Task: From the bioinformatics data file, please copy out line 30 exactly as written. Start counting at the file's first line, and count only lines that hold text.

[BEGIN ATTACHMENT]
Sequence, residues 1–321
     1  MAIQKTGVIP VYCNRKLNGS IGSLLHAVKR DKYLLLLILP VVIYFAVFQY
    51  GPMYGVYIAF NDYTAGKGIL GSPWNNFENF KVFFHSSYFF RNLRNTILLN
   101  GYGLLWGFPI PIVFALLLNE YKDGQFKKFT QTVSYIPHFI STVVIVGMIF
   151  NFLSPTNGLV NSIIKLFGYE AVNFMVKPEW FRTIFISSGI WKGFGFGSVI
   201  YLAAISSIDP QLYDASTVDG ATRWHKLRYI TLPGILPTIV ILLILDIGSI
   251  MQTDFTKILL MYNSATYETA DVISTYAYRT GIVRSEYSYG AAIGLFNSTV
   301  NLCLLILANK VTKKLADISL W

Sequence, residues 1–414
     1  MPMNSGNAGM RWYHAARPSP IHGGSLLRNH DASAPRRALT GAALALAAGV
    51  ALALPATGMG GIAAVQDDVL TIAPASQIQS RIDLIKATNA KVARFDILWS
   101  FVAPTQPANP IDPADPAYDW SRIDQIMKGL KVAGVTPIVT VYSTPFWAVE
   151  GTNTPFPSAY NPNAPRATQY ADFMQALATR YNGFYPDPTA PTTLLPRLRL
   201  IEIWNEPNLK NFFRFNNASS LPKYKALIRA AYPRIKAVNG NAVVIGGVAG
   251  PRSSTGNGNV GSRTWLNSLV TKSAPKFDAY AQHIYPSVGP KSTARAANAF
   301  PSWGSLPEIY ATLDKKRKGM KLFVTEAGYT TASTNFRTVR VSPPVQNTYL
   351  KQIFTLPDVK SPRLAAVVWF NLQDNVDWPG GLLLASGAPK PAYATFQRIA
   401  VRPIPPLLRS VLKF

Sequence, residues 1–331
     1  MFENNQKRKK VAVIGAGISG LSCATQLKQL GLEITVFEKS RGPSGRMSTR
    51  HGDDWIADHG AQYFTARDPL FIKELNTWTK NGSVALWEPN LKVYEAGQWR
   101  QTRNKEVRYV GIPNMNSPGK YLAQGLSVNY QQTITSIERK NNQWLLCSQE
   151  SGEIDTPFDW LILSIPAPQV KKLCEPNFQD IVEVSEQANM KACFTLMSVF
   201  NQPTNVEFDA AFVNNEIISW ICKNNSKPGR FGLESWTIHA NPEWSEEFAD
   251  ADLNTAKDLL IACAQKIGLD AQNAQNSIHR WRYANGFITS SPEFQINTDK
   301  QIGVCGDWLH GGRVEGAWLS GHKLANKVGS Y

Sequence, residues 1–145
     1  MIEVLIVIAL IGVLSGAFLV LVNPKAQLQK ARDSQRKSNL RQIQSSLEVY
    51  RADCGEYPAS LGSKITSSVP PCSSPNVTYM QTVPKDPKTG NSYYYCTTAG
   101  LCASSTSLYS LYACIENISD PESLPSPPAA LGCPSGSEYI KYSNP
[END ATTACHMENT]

   101  LCASSTSLYS LYACIENISD PESLPSPPAA LGCPSGSEYI KYSNP